Power in seeds: Urban gardening gains momentum in pandemic | Miscellaneous Crops
NEW YORK (AP) – On a cluster of vacant lots and unused land in the Bronx, gardeners from low-income neighborhoods have come together to create over a dozen farm hubs to coordinate their community gardens and crops.
A few years ago, some discovered that their small gardens together could grow enough peppers to mass-produce hot sauces – Bronx Hot Sauce, to be precise, with profits from sales reinvested in their communities.
During the pandemic, the Bronx’s agricultural centers once again proved their strength, producing health-promoting crops like garlic, kale, and kale.
“The trick is, how can we learn from the pandemic to really become resilient?” Said Raymond Figueroa-Reyes, president of the New York Community Garden Coalition.
“When the pandemic broke out, urban agriculture went into hyper-productivity mode. People saw that the (food) donations received were not sufficient in quantity or quality and that there is no dignity to wait for this kind of charity, ”he says.
The Farm Hubs are part of an urban gardening movement across the country that aims to empower residents of poorer neighborhoods by encouraging them to grow fresh food.
Areas (both urban and rural) with little access to healthy, fresh food are known as “food deserts” and are typically high in diabetes and other diseases such as high blood pressure and obesity. In cities where many see the phenomenon as inseparable from deeper issues of race and equality, some community leaders prefer terms such as “food prisons” or “food apartheid”.
Ron Finley in Los Angeles has been a leader in urban gardening for years. He sees gardening as both therapeutic and an act of defiance.
“Growing your own food is like printing your own money,” says Finley, who leads the nonprofit Ron Finley Project. “It’s not just about food, it’s about freedom. It’s our revolution and our eco-solution. “
Finley grew up in South Central Los Angeles, where he says he had to drive 45 minutes just to get a fresh tomato. His efforts to rejuvenate communities through gardening included planting vegetables on neglected park paths and other unused land, as well as teaching online courses to a global audience about the power of growing food.
Millions of Americans live in neighborhoods with no healthy food. The same neighborhoods are magnets for fast food restaurants and the packaged groceries available in drug stores and convenience stores.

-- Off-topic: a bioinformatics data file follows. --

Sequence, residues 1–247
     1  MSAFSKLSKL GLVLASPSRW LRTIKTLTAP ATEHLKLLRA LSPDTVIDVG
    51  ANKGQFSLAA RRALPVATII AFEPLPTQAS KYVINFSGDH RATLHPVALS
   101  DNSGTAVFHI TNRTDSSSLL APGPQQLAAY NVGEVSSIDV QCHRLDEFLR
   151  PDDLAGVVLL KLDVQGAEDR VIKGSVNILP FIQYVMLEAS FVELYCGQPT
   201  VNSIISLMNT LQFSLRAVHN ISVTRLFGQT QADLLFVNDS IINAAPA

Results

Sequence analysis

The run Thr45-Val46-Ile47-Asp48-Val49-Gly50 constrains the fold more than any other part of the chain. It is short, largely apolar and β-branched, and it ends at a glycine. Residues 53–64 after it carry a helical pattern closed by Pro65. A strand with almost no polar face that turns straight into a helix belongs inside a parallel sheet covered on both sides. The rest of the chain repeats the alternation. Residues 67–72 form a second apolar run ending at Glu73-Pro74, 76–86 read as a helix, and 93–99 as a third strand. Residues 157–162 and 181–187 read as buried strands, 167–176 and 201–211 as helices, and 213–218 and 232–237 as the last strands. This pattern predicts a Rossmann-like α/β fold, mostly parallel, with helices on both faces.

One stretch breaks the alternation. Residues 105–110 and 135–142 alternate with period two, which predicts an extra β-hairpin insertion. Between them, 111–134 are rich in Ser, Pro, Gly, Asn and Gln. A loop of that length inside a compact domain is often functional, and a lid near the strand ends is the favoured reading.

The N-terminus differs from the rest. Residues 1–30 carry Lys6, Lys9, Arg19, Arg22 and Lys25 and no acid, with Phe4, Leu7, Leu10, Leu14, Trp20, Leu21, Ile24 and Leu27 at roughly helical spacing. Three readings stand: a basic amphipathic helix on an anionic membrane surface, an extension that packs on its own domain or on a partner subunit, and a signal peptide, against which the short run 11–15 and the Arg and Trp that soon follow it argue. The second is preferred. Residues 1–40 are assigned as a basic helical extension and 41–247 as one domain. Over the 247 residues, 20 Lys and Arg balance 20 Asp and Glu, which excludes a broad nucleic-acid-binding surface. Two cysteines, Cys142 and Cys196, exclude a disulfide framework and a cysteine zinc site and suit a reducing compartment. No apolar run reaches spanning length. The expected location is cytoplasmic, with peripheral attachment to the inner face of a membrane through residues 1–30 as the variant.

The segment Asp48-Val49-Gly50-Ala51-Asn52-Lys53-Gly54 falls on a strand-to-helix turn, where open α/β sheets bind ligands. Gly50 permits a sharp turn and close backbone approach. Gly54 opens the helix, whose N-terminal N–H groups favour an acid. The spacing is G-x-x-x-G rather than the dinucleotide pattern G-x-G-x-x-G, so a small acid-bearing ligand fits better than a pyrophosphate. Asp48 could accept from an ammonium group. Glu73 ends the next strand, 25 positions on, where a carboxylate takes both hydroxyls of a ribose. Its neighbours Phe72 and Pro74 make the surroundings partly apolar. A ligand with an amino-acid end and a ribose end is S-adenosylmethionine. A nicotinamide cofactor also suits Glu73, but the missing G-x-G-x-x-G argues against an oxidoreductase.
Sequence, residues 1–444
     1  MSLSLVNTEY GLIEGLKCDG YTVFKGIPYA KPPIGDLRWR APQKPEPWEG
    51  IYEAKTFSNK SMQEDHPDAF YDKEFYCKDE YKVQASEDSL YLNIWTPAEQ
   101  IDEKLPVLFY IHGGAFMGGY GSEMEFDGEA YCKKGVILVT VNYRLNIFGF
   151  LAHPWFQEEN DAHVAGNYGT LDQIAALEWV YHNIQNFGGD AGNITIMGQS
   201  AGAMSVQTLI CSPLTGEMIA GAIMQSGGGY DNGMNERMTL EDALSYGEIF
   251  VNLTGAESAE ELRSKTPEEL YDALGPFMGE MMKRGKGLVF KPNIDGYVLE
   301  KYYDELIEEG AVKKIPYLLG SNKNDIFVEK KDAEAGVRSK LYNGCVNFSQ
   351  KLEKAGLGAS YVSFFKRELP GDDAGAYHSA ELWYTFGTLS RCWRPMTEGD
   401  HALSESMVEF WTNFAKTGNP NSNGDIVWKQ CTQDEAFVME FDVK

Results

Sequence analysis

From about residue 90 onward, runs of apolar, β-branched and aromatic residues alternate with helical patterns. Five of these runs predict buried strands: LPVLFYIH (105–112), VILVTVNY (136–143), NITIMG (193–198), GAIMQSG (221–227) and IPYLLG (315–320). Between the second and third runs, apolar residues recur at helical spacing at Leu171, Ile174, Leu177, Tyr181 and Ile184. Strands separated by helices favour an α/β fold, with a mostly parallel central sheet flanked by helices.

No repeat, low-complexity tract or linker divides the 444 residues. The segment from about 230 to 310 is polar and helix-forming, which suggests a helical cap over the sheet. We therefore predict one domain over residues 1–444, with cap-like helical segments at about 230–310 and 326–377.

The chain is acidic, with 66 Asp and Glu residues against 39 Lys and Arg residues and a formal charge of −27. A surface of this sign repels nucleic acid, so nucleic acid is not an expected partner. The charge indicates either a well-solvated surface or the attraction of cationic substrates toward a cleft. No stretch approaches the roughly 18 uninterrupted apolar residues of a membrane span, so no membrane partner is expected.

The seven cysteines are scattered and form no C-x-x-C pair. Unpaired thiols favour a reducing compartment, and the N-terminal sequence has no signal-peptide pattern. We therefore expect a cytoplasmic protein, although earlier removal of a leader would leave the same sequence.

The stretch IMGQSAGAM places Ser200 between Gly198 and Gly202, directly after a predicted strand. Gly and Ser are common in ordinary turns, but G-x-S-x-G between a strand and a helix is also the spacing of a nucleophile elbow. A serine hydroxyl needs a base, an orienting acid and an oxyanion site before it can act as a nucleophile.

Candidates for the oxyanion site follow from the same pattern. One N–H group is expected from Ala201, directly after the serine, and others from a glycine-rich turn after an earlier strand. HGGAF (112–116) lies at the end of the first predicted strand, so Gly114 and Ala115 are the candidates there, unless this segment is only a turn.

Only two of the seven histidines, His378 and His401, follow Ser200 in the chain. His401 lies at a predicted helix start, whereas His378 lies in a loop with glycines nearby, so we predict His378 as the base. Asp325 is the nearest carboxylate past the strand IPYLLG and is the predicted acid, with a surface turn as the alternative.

“The drive through kills more people in our communities than the drive through,” says Finley. “I want people to come back to reality, touch the ground and take back some of the things that were taken away. If you plant a seed, it will multiply. It’s a currency. It’s a valuable resource. That’s empowering. It’s about more than just food. “
In the Bronx, Karen Washington, who has promoted urban agriculture for decades, said it was about “food justice.” (She helped coordinate the pepper cultivation that led to Bronx Hot Sauce; the company they worked with, Small Ax Peppers, now makes hot sauce using community-grown peppers from Queens, Detroit, Chicago, Oakland, and other cities .)
“Healthy food is a human right, as is clean water,” she said.
As a board member of the New York Botanical Garden, Washington worked with neighborhoods to turn vacant lots into community gardens and helped launch the City Farms Market, which brought affordable fresh produce from community gardens or upstate farms to a weekly farmers market in the Bronx.
She co-founded Black Urban Growers and helped found the Black Farmer Fund, which aims to provide black farmers and entrepreneurs with access to capital.
COVID has had a huge impact on people wanting to grow their own food, and Washington said it is seeing more people growing food on city terraces and in yards across the country.
“In the early stages of COVID, before the vaccines hit the market, it really got more urgent. If we want to fight viruses, especially in these diabetic and obese neighborhoods, we need to eat healthy, ”says Washington.
“People said we need to get into these dead spaces and grow food,” he says. “There’s a collective effort to organize farm hubs with the idea of growing more immune-boosting foods and getting them to where they’re most needed.”
The New York Botanical Garden has long provided technical assistance to community gardens through its Bronx Green Up program. It stepped up its efforts when the pandemic broke out and worked directly with the community farm hubs. Organize bi-weekly Zoom meetings to help with problem solving, resource sharing, and harvest distribution; and providing more than 10,000 herb and vegetable seedlings.
“At the beginning of the pandemic, we teamed up with long-standing community partners and realized that food insecurity has always been a major problem in the Bronx,” says Ursula Chanse, the program’s director.
“There’s definitely a lot of interest now in community gardening and more urban farm space,” she says.